Australia helps beat GPS jamming
29 June 2000 - http://navsys.com/about/GPS_jamming.htm
The GPS navigation system may become more reliable and useful during a conflict as a result of trials Australian and US defence scientists conducted at Woomera earlier this year, which demonstrated that the vulnerability of Global Positioning System (GPS) receivers to interference can be greatly reduced.
The GPS Jammer Locator (JLOC) trials were a joint demonstration between the United States Air Force Operational Test and Evaluation Centre (AFOTEC), and Australia's Aircraft Research and Development Unit (ARDU) the Defence Science and Technology Organisation at Salisbury in South Australia, and Air Services Australia (ASA)
DSTO scientists taking part in JLOC trials
The JLOC system, under development through a US Air Force Research Laboratory (AFRL) contract to the American company NAVSYS, is designed to locate GPS jamming/interference sources and provide data to tactical/strategic planners to assist in defeating these sources.
GPS is used in a very wide range of applications that include air, sea and land navigation, intelligent transportation systems, mining, and agriculture, as well as in telephone and electrical power grid synchronisation. In consequence its smooth operation is critical. However, it is highly susceptible to both electromagnetic interference and environmental phenomena, which can seriously impair its performance for both military and civilian operations.
"GPS receivers can be rendered ineffective with simple, inexpensive, pocket-sized jammers deliberately designed for the purpose, or coincidentally by TV antennas, radars, and communications towers," said DSTO's Dr Anthony Finn (former GPS head with DSTO)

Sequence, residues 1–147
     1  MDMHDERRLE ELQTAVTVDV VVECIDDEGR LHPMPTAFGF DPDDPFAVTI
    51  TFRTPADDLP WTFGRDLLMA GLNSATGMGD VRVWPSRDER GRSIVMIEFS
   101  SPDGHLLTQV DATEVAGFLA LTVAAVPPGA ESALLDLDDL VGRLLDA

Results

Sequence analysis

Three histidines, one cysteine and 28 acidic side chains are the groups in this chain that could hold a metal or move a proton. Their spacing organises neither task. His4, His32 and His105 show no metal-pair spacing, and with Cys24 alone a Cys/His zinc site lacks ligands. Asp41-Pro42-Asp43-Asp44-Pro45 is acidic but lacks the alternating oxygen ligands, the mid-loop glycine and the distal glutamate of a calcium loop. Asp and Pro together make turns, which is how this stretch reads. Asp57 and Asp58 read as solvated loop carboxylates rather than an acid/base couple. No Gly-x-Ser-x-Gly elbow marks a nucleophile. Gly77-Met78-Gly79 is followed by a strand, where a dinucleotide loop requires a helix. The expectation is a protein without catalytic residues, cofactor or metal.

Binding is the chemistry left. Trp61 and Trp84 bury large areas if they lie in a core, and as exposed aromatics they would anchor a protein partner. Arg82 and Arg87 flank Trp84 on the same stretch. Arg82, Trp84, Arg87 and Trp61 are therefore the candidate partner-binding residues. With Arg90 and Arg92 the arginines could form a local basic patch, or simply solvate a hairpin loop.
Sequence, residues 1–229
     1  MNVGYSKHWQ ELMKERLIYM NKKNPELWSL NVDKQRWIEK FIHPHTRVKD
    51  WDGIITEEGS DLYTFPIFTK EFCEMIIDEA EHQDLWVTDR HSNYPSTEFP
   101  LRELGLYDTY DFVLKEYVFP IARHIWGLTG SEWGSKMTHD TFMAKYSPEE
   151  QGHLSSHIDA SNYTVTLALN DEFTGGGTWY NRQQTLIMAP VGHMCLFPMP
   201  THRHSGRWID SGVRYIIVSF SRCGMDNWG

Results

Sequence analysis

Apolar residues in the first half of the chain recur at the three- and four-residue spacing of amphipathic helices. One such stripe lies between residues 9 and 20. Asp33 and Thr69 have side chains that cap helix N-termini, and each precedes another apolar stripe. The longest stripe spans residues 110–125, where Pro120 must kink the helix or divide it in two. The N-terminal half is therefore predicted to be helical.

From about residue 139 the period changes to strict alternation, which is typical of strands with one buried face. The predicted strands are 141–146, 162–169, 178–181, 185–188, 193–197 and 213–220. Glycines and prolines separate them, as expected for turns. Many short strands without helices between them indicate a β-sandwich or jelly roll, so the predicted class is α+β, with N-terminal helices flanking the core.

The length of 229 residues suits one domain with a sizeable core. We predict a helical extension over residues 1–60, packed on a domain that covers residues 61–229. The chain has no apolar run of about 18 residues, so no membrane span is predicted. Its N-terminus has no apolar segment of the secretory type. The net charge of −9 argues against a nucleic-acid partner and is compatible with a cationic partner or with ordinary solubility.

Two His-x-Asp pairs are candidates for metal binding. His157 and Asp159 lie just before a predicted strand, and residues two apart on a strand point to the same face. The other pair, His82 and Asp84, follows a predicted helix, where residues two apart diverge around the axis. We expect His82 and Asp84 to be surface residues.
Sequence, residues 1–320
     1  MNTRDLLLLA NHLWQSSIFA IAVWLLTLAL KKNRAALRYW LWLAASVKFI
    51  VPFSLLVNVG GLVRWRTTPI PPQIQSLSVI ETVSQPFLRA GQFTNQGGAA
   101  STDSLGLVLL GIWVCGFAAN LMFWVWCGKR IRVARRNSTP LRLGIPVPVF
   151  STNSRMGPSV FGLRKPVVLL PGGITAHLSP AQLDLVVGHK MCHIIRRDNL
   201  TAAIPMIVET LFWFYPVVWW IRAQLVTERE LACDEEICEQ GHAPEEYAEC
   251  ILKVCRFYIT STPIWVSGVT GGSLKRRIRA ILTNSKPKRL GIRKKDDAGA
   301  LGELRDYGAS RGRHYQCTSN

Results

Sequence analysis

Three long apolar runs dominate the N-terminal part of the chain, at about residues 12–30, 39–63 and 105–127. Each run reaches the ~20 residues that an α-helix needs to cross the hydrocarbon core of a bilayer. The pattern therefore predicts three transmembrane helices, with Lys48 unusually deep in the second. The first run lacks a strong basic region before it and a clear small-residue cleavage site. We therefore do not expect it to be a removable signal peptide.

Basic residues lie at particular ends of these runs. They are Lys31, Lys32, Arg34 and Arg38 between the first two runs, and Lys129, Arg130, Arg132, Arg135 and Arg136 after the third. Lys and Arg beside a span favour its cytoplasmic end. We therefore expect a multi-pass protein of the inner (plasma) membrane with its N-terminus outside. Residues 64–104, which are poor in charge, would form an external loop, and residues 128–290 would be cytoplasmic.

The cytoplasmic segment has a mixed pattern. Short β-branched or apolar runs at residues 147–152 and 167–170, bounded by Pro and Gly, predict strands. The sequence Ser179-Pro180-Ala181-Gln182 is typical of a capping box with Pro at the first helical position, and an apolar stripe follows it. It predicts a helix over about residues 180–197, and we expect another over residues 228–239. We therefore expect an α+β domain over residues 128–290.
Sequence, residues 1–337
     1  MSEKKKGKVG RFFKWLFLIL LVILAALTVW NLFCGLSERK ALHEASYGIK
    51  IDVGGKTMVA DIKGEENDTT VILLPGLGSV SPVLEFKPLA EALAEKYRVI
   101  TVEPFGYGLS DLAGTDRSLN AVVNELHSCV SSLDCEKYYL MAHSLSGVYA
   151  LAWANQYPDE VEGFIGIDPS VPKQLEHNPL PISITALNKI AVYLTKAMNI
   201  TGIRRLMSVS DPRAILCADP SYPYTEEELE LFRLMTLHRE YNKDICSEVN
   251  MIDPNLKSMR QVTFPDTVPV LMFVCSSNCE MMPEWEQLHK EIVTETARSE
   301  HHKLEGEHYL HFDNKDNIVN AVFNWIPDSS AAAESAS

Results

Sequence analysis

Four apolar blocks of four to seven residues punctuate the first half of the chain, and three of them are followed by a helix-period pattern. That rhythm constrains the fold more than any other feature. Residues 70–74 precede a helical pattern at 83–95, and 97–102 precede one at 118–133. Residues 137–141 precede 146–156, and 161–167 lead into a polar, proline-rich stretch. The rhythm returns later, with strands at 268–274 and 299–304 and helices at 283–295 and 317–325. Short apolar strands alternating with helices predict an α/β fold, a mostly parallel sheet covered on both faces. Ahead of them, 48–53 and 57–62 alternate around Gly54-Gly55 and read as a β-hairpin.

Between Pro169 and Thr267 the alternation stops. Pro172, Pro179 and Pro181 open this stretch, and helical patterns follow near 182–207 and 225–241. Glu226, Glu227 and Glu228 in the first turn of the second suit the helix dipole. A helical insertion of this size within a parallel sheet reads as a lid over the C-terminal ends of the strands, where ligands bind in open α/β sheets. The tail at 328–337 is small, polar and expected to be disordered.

"The aim of the trials at Woomera was to show that it is possible to locate and identify GPS interferers. The JLOC system was used to locate ground based GPS interferers provided by the DSTO from a combination of ground and airborne platforms," added Finn.
The trials also proved that there were a number of methods that would reduce receiver vulnerability.
"The experiment was also a turning point in DSTO's involvement in GPS research with the Americans because we were able to demonstrate our knowledge and expertise in this area and contribute high quality interference equipment to the trials," says Finn.
Woomera was selected for the trials because it is becoming prohibitively expensive for the Americans to mount trials of this scale in the US because of the impact they would have on the civilian infrastructure that is dependent upon GPS.
Woomera has an area of up to 450 kilometres radius which is relatively free from other GPS users, enjoys clear weather and has good airfield and support facilities allowing several aircraft the freedom to fly around the Woomera region locating multiple interferers on the ground.